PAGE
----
Are You Instilling Healthy or Unhealthy Fears in Your Child? (Neurotypical Edition)

Are you instilling healthy or unhealthy fears in your child?

Are your child’s fears keeping them from playing outdoors? Taking calculated risks?

“A generation of children is not only being raised indoors, but is being confined to even smaller spaces. Jane Clark, a University of Maryland professor of kinesiology . . . calls them “containerized kids”–they spend more and more time in car seats, high chairs, and even baby seats for watching TV. When small children go outside, they’re often placed in containers–strollers–and pushed by walking or jogging parents. . . Most kid-containerizing is done for safety concerns, but the long term health of these children is compromised. (35)”

Richard Louv, Last Child in the Woods: Saving Our Children from Nature-Deficit Disorder

This week on the podcast, Amerey and Kathleen talked about healthy summer living/eating on a budget. They delved into the topic of healthy fears when discussing some outdoor activities. You can listen here.

I was at the beach with family. Two of my young granddaughters were playing in “pool” Graypaw dug them and gleefully screaming every time the surf washed into it, drenching them. A grandfather and his granddaughter stopped for a minute to watch. Then they decided to stay for a while. He sat on the beach with her on his lap as she watched my granddaughters will wild-eyed wonder.

“She’s afraid of the water,” the grandfather explained. “She won’t go near it. I just wanted her to watch some kids enjoy the beach without fear.”

Fear Has a Job

Fear – an unpleasant emotion caused by the belief that someone or something is dangerous, likely to cause pain, or a threat.

Fear isn’t a bad thing when it’s healthy. Fear’s job is to keep us safe. Fear stops us from doing things that will harm us. We would like our kids to fear jumping in the deep end of the pool when no one is around. We’d also like kids to fear running out into the road.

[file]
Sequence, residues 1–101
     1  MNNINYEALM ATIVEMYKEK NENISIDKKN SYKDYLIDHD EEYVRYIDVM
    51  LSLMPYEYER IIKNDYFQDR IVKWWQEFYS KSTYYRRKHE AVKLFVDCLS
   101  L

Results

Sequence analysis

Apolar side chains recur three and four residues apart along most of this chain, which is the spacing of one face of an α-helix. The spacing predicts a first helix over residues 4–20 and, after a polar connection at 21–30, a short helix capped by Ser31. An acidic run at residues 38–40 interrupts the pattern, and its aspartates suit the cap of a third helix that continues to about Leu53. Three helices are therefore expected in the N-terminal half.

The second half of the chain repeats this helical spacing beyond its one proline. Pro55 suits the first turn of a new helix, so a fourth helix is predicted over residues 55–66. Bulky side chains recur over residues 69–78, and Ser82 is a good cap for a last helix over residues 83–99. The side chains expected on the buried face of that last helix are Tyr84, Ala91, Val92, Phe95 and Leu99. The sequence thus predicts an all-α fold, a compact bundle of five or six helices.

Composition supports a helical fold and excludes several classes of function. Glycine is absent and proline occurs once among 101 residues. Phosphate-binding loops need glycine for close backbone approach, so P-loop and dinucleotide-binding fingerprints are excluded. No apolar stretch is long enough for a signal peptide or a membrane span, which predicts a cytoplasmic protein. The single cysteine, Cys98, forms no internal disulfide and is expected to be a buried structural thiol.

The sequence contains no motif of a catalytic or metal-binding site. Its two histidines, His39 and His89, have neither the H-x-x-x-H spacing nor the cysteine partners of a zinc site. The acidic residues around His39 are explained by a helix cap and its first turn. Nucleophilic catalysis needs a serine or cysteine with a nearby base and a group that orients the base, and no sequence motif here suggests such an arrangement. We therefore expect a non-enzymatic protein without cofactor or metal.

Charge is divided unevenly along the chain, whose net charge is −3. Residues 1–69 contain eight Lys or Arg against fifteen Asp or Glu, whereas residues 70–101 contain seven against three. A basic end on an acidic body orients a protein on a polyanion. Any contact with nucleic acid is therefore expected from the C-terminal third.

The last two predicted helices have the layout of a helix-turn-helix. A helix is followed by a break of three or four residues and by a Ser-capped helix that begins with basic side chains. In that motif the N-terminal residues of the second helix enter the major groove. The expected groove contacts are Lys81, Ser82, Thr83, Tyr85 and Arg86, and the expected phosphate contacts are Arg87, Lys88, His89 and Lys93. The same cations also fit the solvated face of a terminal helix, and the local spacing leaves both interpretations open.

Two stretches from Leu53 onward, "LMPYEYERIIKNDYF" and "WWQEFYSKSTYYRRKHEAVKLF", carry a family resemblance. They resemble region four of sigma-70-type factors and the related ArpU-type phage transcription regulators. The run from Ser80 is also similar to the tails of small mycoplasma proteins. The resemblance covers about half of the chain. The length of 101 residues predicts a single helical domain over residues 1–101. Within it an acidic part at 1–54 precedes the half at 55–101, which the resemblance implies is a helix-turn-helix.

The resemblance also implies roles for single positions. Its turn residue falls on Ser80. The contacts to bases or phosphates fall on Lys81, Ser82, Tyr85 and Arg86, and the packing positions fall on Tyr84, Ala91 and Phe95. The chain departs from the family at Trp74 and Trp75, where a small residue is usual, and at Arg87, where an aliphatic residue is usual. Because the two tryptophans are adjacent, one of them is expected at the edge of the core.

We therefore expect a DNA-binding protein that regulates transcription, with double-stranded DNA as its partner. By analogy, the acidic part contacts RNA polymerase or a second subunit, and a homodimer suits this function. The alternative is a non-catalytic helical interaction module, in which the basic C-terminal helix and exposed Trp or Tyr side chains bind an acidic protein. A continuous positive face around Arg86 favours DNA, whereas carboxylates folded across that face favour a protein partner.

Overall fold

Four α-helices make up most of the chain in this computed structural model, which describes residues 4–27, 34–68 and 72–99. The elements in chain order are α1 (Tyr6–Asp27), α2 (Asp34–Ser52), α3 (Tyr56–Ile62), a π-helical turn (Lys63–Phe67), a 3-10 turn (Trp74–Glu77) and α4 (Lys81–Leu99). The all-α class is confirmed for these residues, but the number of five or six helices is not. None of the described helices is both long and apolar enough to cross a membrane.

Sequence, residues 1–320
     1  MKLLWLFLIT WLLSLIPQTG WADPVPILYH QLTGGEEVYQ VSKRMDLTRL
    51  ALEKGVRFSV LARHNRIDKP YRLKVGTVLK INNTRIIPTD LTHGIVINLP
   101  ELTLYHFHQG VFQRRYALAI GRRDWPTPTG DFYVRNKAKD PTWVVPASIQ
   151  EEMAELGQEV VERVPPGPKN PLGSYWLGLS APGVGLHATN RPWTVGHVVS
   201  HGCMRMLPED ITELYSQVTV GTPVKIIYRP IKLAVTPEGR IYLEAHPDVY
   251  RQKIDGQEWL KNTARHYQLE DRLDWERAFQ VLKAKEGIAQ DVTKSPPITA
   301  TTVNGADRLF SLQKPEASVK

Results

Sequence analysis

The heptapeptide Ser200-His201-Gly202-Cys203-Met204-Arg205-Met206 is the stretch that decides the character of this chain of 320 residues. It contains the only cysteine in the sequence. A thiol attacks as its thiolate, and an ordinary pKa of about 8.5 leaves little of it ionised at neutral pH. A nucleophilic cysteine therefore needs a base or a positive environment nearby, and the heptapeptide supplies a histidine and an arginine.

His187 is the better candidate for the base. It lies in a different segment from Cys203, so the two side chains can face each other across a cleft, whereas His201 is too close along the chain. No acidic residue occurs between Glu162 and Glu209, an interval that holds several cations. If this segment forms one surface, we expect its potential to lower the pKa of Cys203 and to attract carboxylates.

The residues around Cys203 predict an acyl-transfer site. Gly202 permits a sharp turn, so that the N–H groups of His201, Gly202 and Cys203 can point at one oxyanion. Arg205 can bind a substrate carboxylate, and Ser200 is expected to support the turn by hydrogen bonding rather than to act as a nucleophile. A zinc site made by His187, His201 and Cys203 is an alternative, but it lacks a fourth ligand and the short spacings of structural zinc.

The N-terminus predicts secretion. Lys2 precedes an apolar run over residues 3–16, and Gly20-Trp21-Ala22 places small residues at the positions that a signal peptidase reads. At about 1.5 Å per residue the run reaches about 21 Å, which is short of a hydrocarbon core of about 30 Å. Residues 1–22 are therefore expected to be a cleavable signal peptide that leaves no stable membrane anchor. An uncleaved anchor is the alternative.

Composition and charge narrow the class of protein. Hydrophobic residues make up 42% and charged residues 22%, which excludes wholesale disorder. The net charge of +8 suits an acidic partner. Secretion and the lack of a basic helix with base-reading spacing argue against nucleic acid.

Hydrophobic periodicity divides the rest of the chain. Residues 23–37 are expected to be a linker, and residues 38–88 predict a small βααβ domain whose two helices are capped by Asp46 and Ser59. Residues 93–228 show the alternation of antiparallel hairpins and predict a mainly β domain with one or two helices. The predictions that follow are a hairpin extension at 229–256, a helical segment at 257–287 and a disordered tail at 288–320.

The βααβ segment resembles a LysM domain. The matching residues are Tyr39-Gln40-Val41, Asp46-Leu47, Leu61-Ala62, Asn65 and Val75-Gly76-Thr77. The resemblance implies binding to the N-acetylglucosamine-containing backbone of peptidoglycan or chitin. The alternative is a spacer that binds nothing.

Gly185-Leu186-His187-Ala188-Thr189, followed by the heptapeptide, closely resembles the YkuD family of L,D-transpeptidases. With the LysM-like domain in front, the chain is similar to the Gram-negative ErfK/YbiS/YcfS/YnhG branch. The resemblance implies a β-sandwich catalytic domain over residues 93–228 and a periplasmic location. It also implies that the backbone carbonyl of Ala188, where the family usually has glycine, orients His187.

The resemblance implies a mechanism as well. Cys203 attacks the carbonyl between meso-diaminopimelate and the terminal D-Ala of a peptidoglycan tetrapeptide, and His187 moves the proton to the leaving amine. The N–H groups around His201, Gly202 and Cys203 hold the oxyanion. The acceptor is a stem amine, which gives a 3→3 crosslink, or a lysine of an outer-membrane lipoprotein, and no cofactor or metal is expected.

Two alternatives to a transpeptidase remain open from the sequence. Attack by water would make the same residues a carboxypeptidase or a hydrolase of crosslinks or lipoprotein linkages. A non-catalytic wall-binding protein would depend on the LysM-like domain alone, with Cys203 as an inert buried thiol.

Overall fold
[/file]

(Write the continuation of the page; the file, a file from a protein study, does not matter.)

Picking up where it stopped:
For years, my sister lived up a long lane connected to a busy road. Her young son loved to go across the gravel road and spend time talking to an elderly lady who was like a grandmother to him. They became concerned that he would go down the lane to the busy road and needed to tell him emphatically not to do that. His parents needed to instill a healthy fear.

Not long after that, a cat was run over on the main road. My brother-in-law walked my nephew down and showed him, saying, “The car smashed him flat!” It worked — my nephew told everyone about the cat and said the car could smash him flat, too. That’s a healthy fear.

How Do You Instill Healthy Fears?

“Fears can be healthy and children should be encouraged — and helped — to develop what Lucas calls a “sense of knowing” when something could bring harm. But parents should balance risks, fears and over-protectiveness with the importance of encouraging children to be independent and show initiative. ‘If a parent is present in their children’s lives, he or she is the child’s guide — not their guard,” she said. “If children grow up feeling confined, they are at risk to act out their parent’s greatest fears. Measured freedom is the best teacher.’”-  When Fear Drives Parenting What Happens to the Kids? from desertnews.com

Measured freedom and healthy fears don’t stop a child from exploring his environment. A toddler will climb a rock that is eight inches off the ground and yell, “Look at me!” A five-year-old will climb a bit higher and jump further. These kids try things that make their blood tingle with healthy fear, and that’s good.

My summer childhood days were full of outdoor fun. My brothers and sisters and I went creek jumping, rode our bikes around our country neighborhood, played for hours in a pine forest, and only went home for dinner. Then we went back outside for some kick the can and flashlight tag. I had plenty of fears, but none of them had to do with playing outdoors. I knew to stay away from the train track when I heard a train (okay, we put pennies on it and ran for our lives). We had no screens, phones, or other things to distract us from the joy of the outdoors.

“Years ago, children roamed their neighborhoods, often playing with any kids they ran into, choosing many activities on the fly as ideas presented themselves. Nowadays, parenting often defaults to a take-no-chances approach of scheduled play dates and supervised visits to the neighborhood park, offering little room for children to grow by exploring, which can spill over into other aspects of their lives.” – When Fear Drives Parenting What Happens to the Kids? from desertnews.com

Things have changed. Parents have more fears, and so do kids. Most people don’t live somewhere it is actually safe to send kiddos outdoors unsupervised for the day. This is where measured freedom comes in.